LIVERPOOL, ENGLAND - Saturday, January 28, 2017: Liverpool's manager Jürgen Klopp before the FA Cup 4th Round match against Wolverhampton Wanderers at Anfield. (Pic by David Rawcliffe/Propaganda)

Could switching to a back 3 cure Liverpool’s ills and match up against Chelsea?

Liverpool need a change in mentality to halt their current slump. Could a change of formation facilitate this?

Given the poor run of form Liverpool are currently on, Jurgen Klopp must be scratching his head as to how he can turn things around against the Premier League leaders.

The Reds are one of only three teams to defeat Chelsea this season, but that victory came back in September when Antonio Conte was still finding his feet – and before the Blues’ change to three at the back.

Klopp’s side, on the other hand, were starting out on a run which would see them go 11 games unbeaten in the league.

How times have changed. Chelsea are cruising at the top of the league having lost just one of their last 16 games, while Liverpool are yet to win a league game this year and have lost their last three games at Anfield.

In his press conference after his side’s FA Cup exit at the hands of Wolverhampton Wanderers, Klopp commented that he knew what was needed to turn things around.

“We know what we have to change, only we have to show it,” he said. “We are on it, we know about it, and we will work on it.”

As Klopp says, knowing it and then showing it are two different things, but that they’re aware of what is going wrong is a good start!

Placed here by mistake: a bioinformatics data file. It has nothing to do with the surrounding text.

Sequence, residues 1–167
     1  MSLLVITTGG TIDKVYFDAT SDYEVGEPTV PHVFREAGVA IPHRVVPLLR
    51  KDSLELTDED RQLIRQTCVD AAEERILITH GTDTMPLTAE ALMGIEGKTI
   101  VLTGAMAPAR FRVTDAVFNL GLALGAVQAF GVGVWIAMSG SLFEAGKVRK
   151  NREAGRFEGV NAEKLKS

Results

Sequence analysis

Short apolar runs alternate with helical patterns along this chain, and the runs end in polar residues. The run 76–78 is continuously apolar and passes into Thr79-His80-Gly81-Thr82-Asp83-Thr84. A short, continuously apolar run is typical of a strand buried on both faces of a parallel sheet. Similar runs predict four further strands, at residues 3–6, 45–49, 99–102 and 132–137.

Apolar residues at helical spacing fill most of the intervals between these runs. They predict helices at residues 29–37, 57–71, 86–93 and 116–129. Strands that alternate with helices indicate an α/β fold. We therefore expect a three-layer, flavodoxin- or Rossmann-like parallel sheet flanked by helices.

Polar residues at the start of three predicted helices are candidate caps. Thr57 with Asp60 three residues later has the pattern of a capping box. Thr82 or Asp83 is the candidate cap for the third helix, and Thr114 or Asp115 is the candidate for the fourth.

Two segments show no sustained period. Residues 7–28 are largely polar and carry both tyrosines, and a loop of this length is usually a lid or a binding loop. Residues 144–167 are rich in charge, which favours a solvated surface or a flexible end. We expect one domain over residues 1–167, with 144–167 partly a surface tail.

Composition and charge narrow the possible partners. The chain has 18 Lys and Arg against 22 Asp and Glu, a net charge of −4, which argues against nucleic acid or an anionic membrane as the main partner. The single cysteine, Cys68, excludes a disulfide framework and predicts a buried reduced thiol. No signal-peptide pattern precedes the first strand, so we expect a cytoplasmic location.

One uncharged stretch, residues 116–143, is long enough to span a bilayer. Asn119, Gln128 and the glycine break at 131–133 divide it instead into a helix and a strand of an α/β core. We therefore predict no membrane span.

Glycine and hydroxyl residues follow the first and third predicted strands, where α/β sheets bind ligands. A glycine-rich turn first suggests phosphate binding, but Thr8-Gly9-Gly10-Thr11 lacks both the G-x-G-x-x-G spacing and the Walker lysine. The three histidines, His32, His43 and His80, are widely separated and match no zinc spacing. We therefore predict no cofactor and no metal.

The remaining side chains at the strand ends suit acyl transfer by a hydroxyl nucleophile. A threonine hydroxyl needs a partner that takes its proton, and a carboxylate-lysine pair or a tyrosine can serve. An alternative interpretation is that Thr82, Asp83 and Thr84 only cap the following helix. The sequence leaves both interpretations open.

LONDON, ENGLAND - Saturday, February 14, 2015: Liverpool's Emre Can, Martin Skrtel and Mamadou Sakho hold hands against Crystal Palace during the FA Cup 5th Round match at Selhurst Park. (Pic by David Rawcliffe/Propaganda)

One possibility is a change in the team’s shape, which could give them more chance of competing with their opponents while the chips are down.

Klopp has switched to a back three in games against Southampton and Wolves when the side have been struggling, and there have been some encouraging signs when using this formation.

It’s previous use shows that it’s a system most players are aware of, and something they might have worked on in training.

In the second half of the game against Wolves, Liverpool operated in a 3-1-4-2 formation. This lineup could work better once Joel Matip is back in the side as he could provide height and good ball playing ability from the central position.

Matip’s ball playing ability would make up for the fact that the club still don’t have a specialist defensive midfielder, and would allow one of Can, Wijnaldum, or Henderson to play more of a box-to-box type role.

Left-footed Klavan would be the natural choice for the left of the back three, while Joe Gomez’s previous outings at right back for Charlton and comfort on the ball would make him ideal for the slot on the right.

Both Klavan and Gomez operated in these positions during the second half against Wolves, with Lucas in the middle looking a lot more comfortable than he did further up in midfield.

If Lucas or Dejan Lovren were to be used in this system, the central position is the only one they could play as the pair struggle when they are exposed out wide or in midfield.

The formation allows for two out-and-out strikers, and a bank of five midfielders across the park who have numerous avenues through which to feed these forwards.